TOKYO, (Xinhua) -- Toyota Motor Corp. on Wednesday raised its full-year operating profit and net profit forecasts by record highs of 9.1 percent and 9.7 percent and posted all time high group operating and net profits for the first fiscal half ended September.
The world's biggest automaker currently forecasts an operating profit of 2.5 trillion yen (21.87 billion U.S.) for the business year ending March 31 next year, up from a previous projection of 2. 3 trillion yen, having posted a group operating profit of 1.35 trillion yen in the six months ended on Sept. 30, up 7.7 percent from a year earlier and a group net profit gain of 12.6 percent to 1.13 trillion yen.
Toyota said that favorable exchange rates had been of benefit to the automaker, who derives the majority of its sales in markets outside Japan. Exporters like Toyota cheer a weaker yen versus its major counterparts, as it increases their competitiveness in overseas markets and ensures profits made overseas are inflated when repatriated.
"Of course exchange rates helped, but we also made efforts to offset negatives such as a rise in fixed costs, with cost-cutting and sales efforts," Nobuyori Kodaira, Executive Vice President, told a news conference Wednesday.
The Aichi Prefecture-based automaker said that its cost cutting initiatives, gains from the yen's decline and robust sales in its North American market, compensated for slumping local demand during the April-September period, when the nation was economically hamstrung by the government's consumption tax hike from 5 to 8 percent, which zapped consumer demand and sentiment, saw corporate investment drop and negatively impacted both industrial production and exports.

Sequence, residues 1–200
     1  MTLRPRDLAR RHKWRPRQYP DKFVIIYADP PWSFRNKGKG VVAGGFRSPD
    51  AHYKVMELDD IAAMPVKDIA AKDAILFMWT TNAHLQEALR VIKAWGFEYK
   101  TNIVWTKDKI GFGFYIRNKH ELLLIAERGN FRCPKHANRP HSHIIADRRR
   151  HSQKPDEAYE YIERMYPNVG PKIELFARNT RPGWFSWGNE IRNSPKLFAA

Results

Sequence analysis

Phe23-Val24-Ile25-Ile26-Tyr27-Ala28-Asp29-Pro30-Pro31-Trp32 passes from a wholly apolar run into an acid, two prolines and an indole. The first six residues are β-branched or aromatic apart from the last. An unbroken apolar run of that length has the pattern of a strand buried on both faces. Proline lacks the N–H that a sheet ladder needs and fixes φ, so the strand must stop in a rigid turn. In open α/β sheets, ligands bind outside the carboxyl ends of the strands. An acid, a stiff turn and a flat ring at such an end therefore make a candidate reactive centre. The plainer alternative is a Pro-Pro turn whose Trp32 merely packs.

But solid sales in the first half saw Toyota Motor post a 3.3 percent rise in sales to 12.95 trillion yen in the first half and thereafter lift its sales forecast to 26.5 trillion yen, from 25.7 trillion yen.
Pioneer of the Camry, Alphard and ubiquitous Prius hybrid, Toyota also posted an 11.3 percent rise in second-quarter operating profit at 659.22 billion yen, beating median analysts' estimates for an operating profit just topping 650 billion yen.
The auto giant also posted a net profit increase in the period to 539.06 billion yen, a rise of 23 percent.
Toyota cited brisk sales in its North American market, as the world's largest economy continues to show signs of improving and drivers can find reasonable credit solutions for purchasing new cars and enjoy relatively low prices for gasoline.
Toyota, whose popular U.S. models include the RAV4 compact SUV - - sales of which surged 42.7 percent in September to 22,724 units - - raised its sales forecast in its biggest market to 2.74 million vehicles from 2.71 million, but said it plans to inject more activity in its Asian markets which have been weighing on the automaker.
Aside from sluggish sales in Japan, which in part have led to Toyota cutting its global sales plan for the current fiscal year by 0.5 percent to 9.05 million vehicles, the carmaker said it wants to increase sales in China by at least 20 percent to 1.1 million units this year, with the automaker, unlike its Japanese counterparts, enjoying alliances with Chinese partners such as China FAW Group Corp. and Guangzhou Automobile Group Co Ltd., which have both seen sales increase recently.